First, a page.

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anonymous
 5 years ago
Use the RAtional Root Theorem to list the possible rational roots for the followin equation.
f(x)=x^2+2x+1
anonymous
 5 years ago
Use the RAtional Root Theorem to list the possible rational roots for the followin equation. f(x)=x^2+2x+1

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amistre64
 5 years ago
Best ResponseYou've already chosen the best response.0factors last#  factors first#

amistre64
 5 years ago
Best ResponseYou've already chosen the best response.0since allthe signs are + there are no + roots

anonymous
 5 years ago
Best ResponseYou've already chosen the best response.0I dont know this Rational root theorm, but what I see from the constant term is......possible roots are the factors of the constant term. factors of 1 are, 1 and 1 so possible roots are + 1

amistre64
 5 years ago
Best ResponseYou've already chosen the best response.0rational means fraction and the therum says we cannarrow our trial and error down to a pool of options that have a chance of working

amistre64
 5 years ago
Best ResponseYou've already chosen the best response.0if it aint inthe list; ther eis no way it could work :)

amistre64
 5 years ago
Best ResponseYou've already chosen the best response.0or at least no easy way to get it; maybe have to involve square roots then

amistre64
 5 years ago
Best ResponseYou've already chosen the best response.05x^2 +6x +9 we can generate a pool of options buy factoring last over top 1,3,9  1,5

anonymous
 5 years ago
Best ResponseYou've already chosen the best response.0but here, though +1, 1 are possible roots, we can trail and error with these, and what works best.

amistre64
 5 years ago
Best ResponseYou've already chosen the best response.0so our roots can be: 1,3,9,1/5, 3/5, 9/5 +

anonymous
 5 years ago
Best ResponseYou've already chosen the best response.0It requires me to show the work does this look right? (x+1)^2 x+1=0 x=0 x+1=0 x=1 answer 1

amistre64
 5 years ago
Best ResponseYou've already chosen the best response.0that doesnt look lke it applies to your question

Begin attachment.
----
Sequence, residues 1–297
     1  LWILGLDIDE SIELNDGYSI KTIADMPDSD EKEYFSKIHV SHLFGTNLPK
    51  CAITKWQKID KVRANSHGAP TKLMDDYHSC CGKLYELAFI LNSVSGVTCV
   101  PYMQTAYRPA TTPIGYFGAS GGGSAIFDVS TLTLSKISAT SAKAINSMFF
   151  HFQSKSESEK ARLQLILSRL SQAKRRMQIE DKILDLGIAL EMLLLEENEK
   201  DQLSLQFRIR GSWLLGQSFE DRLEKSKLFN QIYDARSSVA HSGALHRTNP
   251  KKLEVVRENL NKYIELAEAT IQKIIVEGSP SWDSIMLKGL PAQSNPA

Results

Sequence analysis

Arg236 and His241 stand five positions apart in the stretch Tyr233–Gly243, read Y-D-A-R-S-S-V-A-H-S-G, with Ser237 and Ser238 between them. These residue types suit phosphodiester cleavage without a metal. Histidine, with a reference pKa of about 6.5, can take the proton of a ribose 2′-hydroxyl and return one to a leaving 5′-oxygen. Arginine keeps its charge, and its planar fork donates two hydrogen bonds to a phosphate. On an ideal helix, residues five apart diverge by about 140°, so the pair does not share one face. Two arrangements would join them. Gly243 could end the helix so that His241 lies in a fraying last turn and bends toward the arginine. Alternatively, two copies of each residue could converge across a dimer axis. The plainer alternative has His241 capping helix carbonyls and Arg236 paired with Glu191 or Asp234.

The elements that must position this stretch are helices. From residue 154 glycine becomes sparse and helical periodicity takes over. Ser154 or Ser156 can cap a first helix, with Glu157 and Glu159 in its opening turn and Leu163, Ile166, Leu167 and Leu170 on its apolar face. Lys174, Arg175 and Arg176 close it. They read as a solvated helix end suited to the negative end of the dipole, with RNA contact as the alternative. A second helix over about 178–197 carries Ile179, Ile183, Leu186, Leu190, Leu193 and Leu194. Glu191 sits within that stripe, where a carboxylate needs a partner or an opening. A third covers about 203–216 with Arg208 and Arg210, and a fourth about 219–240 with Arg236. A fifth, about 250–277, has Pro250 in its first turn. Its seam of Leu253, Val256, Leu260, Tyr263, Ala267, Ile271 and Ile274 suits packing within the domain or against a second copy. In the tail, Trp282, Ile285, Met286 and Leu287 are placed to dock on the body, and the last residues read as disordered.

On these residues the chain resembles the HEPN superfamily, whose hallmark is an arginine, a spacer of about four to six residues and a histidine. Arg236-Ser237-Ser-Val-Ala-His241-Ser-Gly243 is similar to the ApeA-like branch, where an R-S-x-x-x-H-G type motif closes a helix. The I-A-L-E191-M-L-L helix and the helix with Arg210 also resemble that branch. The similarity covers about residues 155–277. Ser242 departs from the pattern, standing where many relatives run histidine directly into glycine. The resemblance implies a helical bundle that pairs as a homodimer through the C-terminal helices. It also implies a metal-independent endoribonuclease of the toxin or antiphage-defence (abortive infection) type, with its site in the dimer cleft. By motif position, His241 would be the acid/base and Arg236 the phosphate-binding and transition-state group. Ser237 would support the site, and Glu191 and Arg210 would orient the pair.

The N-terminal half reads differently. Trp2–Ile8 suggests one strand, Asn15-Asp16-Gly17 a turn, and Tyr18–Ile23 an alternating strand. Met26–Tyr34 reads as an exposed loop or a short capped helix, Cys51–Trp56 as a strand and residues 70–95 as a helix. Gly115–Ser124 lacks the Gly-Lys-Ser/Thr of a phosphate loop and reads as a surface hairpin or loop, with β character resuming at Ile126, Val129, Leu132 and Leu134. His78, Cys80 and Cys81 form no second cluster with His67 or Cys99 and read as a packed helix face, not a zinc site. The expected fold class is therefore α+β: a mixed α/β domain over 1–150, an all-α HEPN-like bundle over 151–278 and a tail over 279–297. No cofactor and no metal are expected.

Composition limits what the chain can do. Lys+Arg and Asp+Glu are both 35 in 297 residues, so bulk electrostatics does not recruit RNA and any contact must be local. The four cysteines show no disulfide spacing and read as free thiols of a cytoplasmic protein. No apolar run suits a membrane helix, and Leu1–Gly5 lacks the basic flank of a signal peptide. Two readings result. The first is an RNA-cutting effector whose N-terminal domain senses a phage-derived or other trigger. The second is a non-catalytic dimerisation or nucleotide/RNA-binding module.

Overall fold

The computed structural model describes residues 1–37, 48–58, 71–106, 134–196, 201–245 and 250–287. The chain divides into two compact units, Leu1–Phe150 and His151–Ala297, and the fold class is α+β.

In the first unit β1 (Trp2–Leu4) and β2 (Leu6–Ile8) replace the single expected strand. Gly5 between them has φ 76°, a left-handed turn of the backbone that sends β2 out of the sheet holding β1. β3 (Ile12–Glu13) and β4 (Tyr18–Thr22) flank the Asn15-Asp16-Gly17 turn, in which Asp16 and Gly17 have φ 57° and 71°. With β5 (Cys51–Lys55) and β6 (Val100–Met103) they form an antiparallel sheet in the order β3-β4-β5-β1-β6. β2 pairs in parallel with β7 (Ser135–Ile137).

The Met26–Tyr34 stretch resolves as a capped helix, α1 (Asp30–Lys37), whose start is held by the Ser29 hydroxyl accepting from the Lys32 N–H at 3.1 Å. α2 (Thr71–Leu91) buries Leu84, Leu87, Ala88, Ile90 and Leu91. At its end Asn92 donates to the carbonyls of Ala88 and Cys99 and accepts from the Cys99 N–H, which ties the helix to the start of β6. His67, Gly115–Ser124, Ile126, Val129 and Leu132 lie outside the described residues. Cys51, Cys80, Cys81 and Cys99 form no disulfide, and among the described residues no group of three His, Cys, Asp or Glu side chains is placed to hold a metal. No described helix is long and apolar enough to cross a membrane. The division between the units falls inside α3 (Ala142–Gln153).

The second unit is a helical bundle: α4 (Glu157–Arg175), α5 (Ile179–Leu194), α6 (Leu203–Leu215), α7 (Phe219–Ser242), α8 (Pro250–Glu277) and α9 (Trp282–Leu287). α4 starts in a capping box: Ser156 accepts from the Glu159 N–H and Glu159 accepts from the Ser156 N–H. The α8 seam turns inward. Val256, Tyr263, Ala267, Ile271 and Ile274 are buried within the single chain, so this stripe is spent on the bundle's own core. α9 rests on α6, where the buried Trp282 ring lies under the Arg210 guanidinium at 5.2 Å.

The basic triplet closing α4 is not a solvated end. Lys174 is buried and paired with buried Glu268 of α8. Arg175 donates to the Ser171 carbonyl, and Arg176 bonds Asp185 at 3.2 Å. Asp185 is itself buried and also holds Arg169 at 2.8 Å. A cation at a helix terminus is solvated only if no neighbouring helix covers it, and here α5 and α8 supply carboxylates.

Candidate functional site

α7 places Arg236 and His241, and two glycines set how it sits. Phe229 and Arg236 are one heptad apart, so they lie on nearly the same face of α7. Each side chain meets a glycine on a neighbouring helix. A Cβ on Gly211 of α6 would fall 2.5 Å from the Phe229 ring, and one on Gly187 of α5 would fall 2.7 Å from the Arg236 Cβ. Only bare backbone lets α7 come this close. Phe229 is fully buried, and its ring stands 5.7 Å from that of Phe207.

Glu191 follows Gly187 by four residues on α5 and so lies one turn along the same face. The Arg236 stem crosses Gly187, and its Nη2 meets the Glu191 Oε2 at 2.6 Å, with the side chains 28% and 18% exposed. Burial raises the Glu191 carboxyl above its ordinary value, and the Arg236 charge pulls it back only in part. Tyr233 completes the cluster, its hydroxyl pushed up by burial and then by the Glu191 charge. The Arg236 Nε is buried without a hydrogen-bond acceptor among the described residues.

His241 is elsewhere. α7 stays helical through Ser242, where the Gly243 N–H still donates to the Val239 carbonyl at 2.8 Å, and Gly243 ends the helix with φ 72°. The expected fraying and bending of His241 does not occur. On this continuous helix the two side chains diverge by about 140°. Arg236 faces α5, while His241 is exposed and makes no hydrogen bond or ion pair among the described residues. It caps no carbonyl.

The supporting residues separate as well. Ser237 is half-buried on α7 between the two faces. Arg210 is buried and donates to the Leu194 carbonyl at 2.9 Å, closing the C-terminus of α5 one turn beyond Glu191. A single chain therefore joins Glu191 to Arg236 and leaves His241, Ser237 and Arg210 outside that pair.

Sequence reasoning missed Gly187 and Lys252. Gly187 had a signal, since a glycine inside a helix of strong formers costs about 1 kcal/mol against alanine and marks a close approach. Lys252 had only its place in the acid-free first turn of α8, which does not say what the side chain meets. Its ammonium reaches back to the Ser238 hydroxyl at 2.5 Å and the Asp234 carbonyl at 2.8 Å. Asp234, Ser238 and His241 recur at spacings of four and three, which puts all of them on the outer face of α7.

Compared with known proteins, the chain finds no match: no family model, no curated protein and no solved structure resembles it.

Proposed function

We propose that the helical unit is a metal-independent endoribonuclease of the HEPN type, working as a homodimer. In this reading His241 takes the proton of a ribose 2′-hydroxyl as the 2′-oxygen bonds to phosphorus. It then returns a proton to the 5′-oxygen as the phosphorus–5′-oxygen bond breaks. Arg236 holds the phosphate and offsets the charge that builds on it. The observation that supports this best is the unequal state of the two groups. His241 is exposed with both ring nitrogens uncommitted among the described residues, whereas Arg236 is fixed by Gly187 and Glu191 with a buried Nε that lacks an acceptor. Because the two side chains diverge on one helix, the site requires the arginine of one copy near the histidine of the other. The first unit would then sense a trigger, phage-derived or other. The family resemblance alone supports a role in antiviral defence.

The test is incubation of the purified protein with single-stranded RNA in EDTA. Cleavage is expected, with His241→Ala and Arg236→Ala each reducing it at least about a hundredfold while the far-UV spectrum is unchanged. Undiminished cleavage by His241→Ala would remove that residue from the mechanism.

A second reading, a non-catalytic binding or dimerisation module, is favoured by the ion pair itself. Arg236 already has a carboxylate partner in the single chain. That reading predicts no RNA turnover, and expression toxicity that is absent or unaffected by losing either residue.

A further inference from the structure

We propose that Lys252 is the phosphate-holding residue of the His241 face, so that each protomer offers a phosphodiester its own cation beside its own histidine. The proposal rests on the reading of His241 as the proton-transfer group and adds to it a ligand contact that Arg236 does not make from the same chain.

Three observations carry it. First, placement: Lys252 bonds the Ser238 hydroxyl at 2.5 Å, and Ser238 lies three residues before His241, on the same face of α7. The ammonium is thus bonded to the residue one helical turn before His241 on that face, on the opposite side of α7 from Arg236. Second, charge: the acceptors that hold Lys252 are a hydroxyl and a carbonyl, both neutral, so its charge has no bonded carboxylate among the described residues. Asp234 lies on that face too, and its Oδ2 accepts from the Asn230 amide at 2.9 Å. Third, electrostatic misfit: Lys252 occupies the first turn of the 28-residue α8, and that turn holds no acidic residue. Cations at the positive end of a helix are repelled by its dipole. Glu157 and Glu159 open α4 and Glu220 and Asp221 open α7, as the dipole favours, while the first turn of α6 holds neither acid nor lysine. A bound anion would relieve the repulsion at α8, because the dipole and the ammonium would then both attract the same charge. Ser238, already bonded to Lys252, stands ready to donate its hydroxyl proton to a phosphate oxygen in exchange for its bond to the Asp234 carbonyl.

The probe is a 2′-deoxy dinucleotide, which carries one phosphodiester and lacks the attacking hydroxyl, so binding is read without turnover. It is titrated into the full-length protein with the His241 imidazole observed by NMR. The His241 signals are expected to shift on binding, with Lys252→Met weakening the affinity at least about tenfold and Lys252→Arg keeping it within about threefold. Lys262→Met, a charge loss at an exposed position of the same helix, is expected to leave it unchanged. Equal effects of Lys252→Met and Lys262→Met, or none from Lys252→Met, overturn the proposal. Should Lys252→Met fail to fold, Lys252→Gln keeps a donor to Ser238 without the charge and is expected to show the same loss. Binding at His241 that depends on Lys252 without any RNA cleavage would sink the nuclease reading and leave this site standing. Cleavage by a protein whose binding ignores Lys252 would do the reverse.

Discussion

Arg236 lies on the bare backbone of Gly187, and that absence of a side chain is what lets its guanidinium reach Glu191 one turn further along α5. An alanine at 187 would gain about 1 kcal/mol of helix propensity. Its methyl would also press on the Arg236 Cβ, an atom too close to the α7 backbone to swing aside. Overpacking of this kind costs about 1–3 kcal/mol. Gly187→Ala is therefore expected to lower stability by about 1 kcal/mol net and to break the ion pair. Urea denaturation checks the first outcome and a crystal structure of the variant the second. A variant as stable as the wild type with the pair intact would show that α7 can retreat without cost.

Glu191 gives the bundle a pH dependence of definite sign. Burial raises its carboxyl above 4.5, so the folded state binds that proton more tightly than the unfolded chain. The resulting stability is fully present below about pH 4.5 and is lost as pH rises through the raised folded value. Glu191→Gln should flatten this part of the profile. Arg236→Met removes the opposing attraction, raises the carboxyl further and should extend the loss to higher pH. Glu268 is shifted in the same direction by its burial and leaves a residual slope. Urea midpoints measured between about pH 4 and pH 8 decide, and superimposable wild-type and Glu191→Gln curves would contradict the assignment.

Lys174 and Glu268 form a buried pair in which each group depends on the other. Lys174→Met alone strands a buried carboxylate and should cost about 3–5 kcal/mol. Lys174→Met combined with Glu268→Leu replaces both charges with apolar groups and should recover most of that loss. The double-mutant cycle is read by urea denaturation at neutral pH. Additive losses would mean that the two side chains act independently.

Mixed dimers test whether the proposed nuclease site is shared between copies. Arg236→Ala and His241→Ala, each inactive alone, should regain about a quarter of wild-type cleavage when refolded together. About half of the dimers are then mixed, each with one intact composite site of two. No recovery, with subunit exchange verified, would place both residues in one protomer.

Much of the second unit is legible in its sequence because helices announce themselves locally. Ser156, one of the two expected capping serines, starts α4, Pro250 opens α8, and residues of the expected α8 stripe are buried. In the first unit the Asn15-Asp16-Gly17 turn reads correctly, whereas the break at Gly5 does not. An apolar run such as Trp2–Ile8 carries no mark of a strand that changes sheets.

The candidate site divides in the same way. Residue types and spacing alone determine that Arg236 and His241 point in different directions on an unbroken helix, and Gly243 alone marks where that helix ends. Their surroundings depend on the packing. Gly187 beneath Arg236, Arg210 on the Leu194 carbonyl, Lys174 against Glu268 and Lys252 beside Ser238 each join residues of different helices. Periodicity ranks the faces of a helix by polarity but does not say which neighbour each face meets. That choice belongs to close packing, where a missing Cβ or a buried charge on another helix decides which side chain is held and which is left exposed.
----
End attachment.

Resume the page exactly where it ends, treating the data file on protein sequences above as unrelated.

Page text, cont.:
amistre64
 5 years ago
Best ResponseYou've already chosen the best response.0your problem says to generate the pool options: 1 (+)  ; generates 2 option for us, 1 and 1 1

anonymous
 5 years ago
Best ResponseYou've already chosen the best response.0a friend was trying to help me and I wasn't sure

amistre64
 5 years ago
Best ResponseYou've already chosen the best response.0then you try and error your way thru it: when x = 1; we try to use (x1) as a factor; divide it thru to see

amistre64
 5 years ago
Best ResponseYou've already chosen the best response.0or synthetic divide it for a quicker result

anonymous
 5 years ago
Best ResponseYou've already chosen the best response.0my other problems require testing synthetically possibilities

anonymous
 5 years ago
Best ResponseYou've already chosen the best response.0so the way you show it is how I should write it?

amistre64
 5 years ago
Best ResponseYou've already chosen the best response.0synthetic is the same concept as long division; but neater

amistre64
 5 years ago
Best ResponseYou've already chosen the best response.0yes; find the rational root options by: last# factors (+)  first# factors

amistre64
 5 years ago
Best ResponseYou've already chosen the best response.0then you pull out all the numbers that these make....

anonymous
 5 years ago
Best ResponseYou've already chosen the best response.0this is a course that I probable should have taken in a classroom setting I had to take it through an independent program for high school in order to graduate next month
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